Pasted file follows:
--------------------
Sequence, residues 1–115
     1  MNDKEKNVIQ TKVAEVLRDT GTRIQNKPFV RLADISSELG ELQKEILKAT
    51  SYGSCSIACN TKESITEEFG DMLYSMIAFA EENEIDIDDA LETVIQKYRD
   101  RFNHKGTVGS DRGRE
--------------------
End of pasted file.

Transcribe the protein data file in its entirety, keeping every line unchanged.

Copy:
Sequence, residues 1–115
     1  MNDKEKNVIQ TKVAEVLRDT GTRIQNKPFV RLADISSELG ELQKEILKAT
    51  SYGSCSIACN TKESITEEFG DMLYSMIAFA EENEIDIDDA LETVIQKYRD
   101  RFNHKGTVGS DRGRE